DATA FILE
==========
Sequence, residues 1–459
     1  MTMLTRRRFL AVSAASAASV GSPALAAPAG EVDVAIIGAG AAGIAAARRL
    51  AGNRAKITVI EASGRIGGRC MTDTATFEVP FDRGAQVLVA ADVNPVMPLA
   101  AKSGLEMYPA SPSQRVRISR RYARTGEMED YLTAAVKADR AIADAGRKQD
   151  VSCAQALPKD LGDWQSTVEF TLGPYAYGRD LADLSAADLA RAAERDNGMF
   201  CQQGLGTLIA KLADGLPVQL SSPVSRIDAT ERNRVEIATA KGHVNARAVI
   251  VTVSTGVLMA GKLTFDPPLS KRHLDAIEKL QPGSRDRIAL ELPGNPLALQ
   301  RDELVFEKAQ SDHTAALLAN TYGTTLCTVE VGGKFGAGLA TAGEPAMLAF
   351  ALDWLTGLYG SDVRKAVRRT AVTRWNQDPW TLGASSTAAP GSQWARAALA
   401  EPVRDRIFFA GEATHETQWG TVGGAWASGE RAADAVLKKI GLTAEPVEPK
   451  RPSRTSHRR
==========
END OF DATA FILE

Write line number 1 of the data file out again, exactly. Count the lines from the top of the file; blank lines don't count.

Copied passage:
Sequence, residues 1–459